For Being A Republican, I Helped Create Donald Trump?

Jim Huffman Dean Emeritus, Lewis & Clark Law School

Like millions of other Americans, I am a registered Republican. According to Timothy Egan, writing in yesterday’s New York Times, that makes me responsible for the vitriol and inanities currently being spewed by Donald Trump. Trump, writes Egan, “is a byproduct of all the toxic elements Republicans have thrown into their brew over the last decade or so.” Not some Republicans, mind you, but all Republicans including those who might disagree with Trump but have allowed “any amount of gaseous buffoonery [to go] … unchallenged.”

To be sure, many a Republican candidate for public office has been guilty of gaseous buffoonery. So, too, have many Democrat candidates. Candidates from both parties share responsibility for the sad state of our political affairs. Egan’s casting the blame on only one side in the mud slinging and bald-faced lying that permeates our national politics is just another half-truth added to the squalor.

Surely Egan has seen the emails that burst (in bold, red typeface) from the Democratic National Committee every time a new candidate announces for the Republican nomination. The message is always the same. Send money so we can make sure this creep does not bring the war on women and minorities and immigrants and children and the elderly to the White House. But really: does anyone actually believe that the husbands and fathers and sons pursuing the Republican nomination for president have declared war on their wives, children and parents? It’s all just more gaseous buffoonery that goes unchallenged by those who hope to benefit.

What to do about all of this political flatulence? A good place to start would be to think of ourselves and others as American citizens rather than as Republicans or Democrats. While a few of us are actually dues paying members of one party or the other, most Americans are officially associated with a political party solely as a result of having registered to vote with a party designation allowing us to cast ballots in partisan primaries. Otherwise we are just citizens who vote for one candidate or the other.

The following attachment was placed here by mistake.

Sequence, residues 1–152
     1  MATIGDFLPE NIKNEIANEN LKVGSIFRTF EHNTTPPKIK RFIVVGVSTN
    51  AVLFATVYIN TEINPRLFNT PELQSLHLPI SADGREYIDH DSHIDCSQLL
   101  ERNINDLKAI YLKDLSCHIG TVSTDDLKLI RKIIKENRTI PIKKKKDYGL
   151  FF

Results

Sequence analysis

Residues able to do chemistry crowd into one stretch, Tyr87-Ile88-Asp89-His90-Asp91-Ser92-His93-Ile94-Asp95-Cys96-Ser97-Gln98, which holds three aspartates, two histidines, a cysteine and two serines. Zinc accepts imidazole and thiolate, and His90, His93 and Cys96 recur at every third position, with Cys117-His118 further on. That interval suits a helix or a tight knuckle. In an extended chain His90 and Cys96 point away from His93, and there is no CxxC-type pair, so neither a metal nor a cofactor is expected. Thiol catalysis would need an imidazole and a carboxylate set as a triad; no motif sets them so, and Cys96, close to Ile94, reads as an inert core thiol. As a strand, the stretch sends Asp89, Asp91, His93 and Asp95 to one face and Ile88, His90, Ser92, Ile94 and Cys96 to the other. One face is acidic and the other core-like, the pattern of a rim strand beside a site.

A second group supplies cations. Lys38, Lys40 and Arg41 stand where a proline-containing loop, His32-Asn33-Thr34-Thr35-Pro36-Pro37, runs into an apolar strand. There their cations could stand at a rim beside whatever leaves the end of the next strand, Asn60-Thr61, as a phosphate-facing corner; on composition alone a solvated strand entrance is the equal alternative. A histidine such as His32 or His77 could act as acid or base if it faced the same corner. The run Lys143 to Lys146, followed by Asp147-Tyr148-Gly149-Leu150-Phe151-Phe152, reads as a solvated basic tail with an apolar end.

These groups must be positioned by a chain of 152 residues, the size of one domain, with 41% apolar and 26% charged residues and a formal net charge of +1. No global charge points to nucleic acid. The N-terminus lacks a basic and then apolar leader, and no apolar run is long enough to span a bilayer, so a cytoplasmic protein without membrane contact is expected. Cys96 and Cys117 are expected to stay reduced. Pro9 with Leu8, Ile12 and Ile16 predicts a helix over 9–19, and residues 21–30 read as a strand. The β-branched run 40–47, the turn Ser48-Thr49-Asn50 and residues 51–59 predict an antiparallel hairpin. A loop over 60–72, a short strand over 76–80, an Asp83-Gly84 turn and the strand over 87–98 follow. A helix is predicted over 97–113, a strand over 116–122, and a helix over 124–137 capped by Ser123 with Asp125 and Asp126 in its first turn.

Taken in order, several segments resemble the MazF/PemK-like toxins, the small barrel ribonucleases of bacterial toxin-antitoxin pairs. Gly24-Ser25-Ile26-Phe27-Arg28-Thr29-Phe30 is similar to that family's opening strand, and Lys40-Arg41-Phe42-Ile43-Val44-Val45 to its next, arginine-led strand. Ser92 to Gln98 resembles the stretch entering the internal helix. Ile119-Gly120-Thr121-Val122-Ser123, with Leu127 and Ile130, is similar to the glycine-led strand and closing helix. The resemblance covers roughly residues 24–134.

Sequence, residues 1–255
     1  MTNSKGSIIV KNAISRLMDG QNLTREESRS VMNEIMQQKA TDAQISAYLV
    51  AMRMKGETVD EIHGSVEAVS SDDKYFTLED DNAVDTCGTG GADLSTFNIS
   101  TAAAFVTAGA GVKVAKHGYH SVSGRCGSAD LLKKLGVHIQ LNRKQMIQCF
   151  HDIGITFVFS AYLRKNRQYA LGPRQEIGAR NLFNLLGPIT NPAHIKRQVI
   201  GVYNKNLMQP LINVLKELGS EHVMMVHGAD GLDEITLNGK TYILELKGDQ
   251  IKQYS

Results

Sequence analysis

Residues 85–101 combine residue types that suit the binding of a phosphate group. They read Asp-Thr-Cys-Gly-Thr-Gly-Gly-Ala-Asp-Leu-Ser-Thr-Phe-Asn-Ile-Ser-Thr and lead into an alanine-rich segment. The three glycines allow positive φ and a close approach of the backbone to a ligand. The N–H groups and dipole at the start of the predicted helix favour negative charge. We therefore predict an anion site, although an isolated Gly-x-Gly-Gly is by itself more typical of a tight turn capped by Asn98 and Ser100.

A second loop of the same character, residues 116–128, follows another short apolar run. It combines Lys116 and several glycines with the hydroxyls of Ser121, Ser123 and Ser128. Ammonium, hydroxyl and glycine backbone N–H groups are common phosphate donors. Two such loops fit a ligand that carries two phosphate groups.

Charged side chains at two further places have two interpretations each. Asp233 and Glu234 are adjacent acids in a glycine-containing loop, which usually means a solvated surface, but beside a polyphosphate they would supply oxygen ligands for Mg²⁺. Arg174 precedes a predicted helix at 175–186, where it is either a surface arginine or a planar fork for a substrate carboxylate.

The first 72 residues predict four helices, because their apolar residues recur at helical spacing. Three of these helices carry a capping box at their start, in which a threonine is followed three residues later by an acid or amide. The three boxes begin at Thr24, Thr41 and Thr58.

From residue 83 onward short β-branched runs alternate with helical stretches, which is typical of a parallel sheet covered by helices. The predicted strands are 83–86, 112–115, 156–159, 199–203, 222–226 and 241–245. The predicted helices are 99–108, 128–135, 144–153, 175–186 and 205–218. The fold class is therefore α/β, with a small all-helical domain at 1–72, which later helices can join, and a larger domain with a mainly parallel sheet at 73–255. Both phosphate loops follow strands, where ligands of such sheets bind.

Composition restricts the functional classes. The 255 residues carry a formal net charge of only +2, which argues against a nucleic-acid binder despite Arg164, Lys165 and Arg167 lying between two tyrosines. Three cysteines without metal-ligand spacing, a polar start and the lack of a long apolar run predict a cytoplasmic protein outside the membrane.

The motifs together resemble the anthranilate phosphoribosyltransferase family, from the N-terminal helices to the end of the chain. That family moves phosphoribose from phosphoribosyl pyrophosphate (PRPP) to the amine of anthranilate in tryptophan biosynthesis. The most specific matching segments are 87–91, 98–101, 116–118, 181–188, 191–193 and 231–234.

That I may cast more votes for Republicans than for Democrats is not because I am a Republican but because Republican candidates more often take policy positions with which I agree. Always the choice is between candidates neither of whom hold views with which I entirely agree. Voting for the one with whom I agree the most does not commit me to agreeing with everything he or she stands for, nor does voting against a candidate preclude me from supporting that candidate’s positions with which I agree.

In other words, for most Americans the party label borne by candidates may create a rebuttable presumption about where they stand on public issues, but voter identification with one party or the other conveys nothing about a particular voter’s views on particular issues or candidates and imposes no responsibility on voters for the positions taken by candidates identifying with the same party.

As commentators on the state of American politics, Egan and others would do well to recognize that our national political parties are very loose affiliations of people with widely differing views. While some individuals fairly might be said to be born to one party or the other, the reality is that most Americans are flexible in terms of party affiliation. But whether a voter is a true blue (or red) party loyalist or a fickle party registrant, they have no responsibility for the views of candidates who choose to run for their party’s nominations.

It is absurd to contend, as Egan does, that Donald Trump is a concoction of the Republican party. Trump is his own creation and if he succeeds in selling that creation as the Republican nominee for president of the United States (a prospect less likely than finding life on Pluto) I and many others predisposed to vote for a Republican may find ourselves voting for Hillary. Only then can we fairly be held accountable for the results.